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Delaney plans to stay at UNF for foreseeable future; raises concerns about U.S. Attorney nominee

Despite his recent involvement in state and national politics, UNF President John Delaney said he hopes to remain at the university for the next decade and does not plan to run for public office again.

Delaney said he relishes his role at UNF and views his political engagement as beneficial to the university.

Delaney served for two terms as the mayor of Jacksonville from 1995 to 2003 and served as the interim chancellor of the State University System Board of Governors from October 2008 to October 2009.

“There’s a lot of days that I feel like I have a much bigger impact at UNF on the community [of Jacksonville] than what I did as mayor,” Delaney said.

Last summer, Gov. Charlie Crist placed Delaney on the shortlist to succeed retiring Sen. Mel Martinez, whose departure created a vacant U.S. senate seat.

Delaney said he spoke with UNF’s Board of Trustees about the possible appointment, and they were supportive of the move. If he would have been appointed, an interim president would have been selected, and Delaney would have returned to UNF after finishing former Sen. Mel Martinez’s term, he said.

He said that Gov. Crist’s former chief of staff, George LeMieux, told him to start looking for a place to live in Washington, D.C. and to start thinking about staff members to hire.

Delaney said Crist was “98 percent” sure on selecting him to fill the vacant seat.

Crist ended up selecting LeMieux instead. Delaney said he was “relieved” when he heard the news.

“I think that [the U.S. senate] would’ve been a fun gig, but I’m glad it didn’t happen for a lot of different reasons,” Delaney said.

Late last year, Delaney made local and statewide headlines speaking out on political and public policy issues.

He addressed the city’s Charter Review Commission Dec. 10, 2009 regarding whether to change the way the Duval County School Board and Jacksonville Sheriff’s Office Sheriff are chosen.

Delaney favors an appointed school board and sheriff, but said the latter would be politically impossible. He penned an editorial for the Florida Times-Union explaining his position Feb. 8.

He has also taken a stance against to the nomination of former State Attorney Harry Shorstein to become U.S. Attorney.

Delaney wrote a letter which has set off a political firestorm even though Delaney said he wrote it as a private citizen, sending the missive from his private address.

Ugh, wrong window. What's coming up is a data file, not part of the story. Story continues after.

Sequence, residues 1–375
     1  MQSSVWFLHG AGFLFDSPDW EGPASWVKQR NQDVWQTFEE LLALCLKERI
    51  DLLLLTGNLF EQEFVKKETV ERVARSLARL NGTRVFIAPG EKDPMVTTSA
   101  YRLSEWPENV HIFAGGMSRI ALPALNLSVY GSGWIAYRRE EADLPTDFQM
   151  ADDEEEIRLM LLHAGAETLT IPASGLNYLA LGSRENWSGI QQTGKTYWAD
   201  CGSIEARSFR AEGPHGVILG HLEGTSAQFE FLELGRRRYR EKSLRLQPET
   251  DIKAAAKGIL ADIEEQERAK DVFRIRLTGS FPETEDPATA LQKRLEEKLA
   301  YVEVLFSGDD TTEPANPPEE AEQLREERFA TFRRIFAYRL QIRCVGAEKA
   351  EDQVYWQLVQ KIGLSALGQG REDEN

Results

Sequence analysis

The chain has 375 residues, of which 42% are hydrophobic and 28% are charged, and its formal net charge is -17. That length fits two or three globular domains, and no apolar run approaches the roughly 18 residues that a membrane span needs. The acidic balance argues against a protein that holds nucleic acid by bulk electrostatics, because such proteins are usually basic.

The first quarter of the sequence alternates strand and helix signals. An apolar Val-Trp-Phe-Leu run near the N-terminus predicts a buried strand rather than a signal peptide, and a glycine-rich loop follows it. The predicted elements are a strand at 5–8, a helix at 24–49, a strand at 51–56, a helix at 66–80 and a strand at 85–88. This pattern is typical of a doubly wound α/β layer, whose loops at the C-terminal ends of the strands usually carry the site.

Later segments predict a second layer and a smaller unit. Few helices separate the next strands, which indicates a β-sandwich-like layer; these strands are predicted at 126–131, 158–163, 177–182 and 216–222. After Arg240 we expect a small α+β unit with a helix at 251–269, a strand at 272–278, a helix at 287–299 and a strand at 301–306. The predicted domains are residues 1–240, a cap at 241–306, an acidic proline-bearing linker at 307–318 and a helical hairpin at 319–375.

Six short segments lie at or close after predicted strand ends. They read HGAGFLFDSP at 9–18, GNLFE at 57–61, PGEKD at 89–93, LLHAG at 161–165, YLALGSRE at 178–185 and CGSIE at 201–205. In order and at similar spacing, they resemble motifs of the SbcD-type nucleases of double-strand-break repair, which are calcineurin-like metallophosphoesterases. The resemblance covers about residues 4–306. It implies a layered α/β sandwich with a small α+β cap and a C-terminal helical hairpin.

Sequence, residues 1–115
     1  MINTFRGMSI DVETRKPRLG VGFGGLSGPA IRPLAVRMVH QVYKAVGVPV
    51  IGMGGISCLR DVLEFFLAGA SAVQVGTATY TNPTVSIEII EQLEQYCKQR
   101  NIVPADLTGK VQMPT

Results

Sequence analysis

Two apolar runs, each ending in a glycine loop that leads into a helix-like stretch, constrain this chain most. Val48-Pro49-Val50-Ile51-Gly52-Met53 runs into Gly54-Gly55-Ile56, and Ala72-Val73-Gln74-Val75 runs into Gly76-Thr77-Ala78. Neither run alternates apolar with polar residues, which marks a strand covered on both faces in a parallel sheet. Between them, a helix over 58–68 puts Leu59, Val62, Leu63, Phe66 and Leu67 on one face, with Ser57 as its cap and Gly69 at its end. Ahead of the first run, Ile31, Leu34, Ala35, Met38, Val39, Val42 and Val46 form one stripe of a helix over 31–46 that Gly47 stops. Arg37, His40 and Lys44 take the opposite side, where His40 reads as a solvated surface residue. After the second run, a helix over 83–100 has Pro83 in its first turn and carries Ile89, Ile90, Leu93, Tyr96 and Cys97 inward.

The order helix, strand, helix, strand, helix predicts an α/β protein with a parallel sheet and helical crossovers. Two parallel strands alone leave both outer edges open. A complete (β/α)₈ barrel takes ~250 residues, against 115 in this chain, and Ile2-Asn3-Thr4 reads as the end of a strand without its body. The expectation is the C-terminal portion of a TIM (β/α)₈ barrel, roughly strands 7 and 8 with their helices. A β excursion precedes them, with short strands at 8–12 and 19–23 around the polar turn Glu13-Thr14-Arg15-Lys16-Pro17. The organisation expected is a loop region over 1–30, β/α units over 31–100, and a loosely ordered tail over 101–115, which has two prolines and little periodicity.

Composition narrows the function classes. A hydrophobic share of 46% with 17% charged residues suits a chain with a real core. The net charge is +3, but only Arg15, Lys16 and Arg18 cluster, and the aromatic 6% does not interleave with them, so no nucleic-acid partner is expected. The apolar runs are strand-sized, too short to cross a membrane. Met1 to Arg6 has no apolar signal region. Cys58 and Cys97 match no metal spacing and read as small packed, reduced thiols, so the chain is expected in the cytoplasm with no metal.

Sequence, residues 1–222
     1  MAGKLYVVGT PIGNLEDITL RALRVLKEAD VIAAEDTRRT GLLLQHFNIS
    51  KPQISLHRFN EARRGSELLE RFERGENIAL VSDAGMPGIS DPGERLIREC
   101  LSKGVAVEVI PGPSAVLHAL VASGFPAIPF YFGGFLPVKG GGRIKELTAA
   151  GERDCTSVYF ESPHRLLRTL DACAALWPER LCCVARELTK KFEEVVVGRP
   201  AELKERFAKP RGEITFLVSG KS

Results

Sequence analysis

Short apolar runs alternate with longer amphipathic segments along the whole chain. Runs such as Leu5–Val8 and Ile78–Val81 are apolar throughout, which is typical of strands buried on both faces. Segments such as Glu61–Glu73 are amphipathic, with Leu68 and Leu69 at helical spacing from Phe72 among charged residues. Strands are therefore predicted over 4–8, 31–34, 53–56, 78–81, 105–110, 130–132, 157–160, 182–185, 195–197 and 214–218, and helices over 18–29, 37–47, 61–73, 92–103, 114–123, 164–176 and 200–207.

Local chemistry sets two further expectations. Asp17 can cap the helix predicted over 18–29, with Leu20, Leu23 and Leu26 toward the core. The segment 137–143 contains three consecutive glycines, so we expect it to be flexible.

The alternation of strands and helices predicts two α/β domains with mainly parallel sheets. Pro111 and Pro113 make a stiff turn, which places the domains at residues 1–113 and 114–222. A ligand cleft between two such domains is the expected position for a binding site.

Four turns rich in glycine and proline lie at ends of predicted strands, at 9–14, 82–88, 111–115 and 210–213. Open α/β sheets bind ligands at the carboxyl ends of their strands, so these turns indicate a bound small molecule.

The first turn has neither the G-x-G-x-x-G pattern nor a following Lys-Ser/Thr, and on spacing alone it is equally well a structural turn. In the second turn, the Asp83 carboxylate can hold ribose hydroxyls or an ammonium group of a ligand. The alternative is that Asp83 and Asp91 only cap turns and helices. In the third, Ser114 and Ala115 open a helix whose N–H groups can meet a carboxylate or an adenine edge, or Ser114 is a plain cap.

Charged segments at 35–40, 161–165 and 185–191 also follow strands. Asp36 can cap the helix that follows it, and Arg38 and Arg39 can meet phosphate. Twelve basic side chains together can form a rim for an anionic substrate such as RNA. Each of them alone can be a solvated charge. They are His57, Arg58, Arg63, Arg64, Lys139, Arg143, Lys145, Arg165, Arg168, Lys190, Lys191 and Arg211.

“There’s a rule in politics — he who defines first, defines last,” Delaney said.

Shorstein and his allies have defined Delaney’s concerns as political in nature, though he insists he has no personal issues with Shorstein, Delaney said.

Shorstein, a Democrat, and Delaney, a Republican, had a “great relationship” for many years, Delaney said. He even endorsed Shorstein in 1996 for state attorney.

State and local media outlets, specifically the Florida Times-Union and the St. Petersburg Times, “have substantially got it [coverage of the letter] wrong. Dramatically wrong,” Delaney said.

Shorstein downplayed the situation.

“I don’t want to readdress those issues, I think they speak for themselves,” Shorstein said. “You have supporters, and you have detractors.”

He said he would rather the White House, which makes the final determination on his nomination for U.S. Attorney, focus on his record.

“My record is very, very public,” Shorstein said. “It’s pretty much an open book.”

Shorstein’s record is at the center of Delaney’s misgivings, mainly because Shorstein has used grand juries as a vehicle to settle “political grudges,” Delaney said.

“Let’s say two neighbors are fighting. … If one of them says, ‘Hey, there’s a dead body buried in the backyard!’ then don’t you think the cops would go look to see if there’s a dead body there?” Delaney said. “Why don’t you look at the substance of what some of these concerns are? But it’s easier to write it as a political thing.”

Shorstein called the grand jury reports credible.

“If you were questioning the efficacy or the credibility of a grand jury report, you should just read it yourself and see if it adequately explains its findings, conclusions and recommendations,” Shorstein said. “I think they speak for themselves.”

Shorstein may not agree with his critics’ characterization of his record but he respects their first amendment rights, he said.

“At one time I was willing to give up my life to protect those rights [as a Vietnam veteran], so he can say whatever he thinks is appropriate,” Shorstein said.

Matt Corrigan, chair of the UNF political science and public administration department, said he didn’t feel qualified to speak about Shorstein’s legal credentials for being U.S. Attorney. But he did note that no one should be surprised that Delaney would remain politically active.

“One of his [Delaney’s] major strengths was that he was involved in public policy and public affairs,” Corrigan said. “When you have someone like that you can expect them to stay involved.”

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    Still LaughingFeb 18, 2010 at 3:07 pm

    Through his personal and unprofessional attacks on Shorstein, Delaney has defined himself first and last as a malicious, unethical politician. UNF should be able to do much better for its president.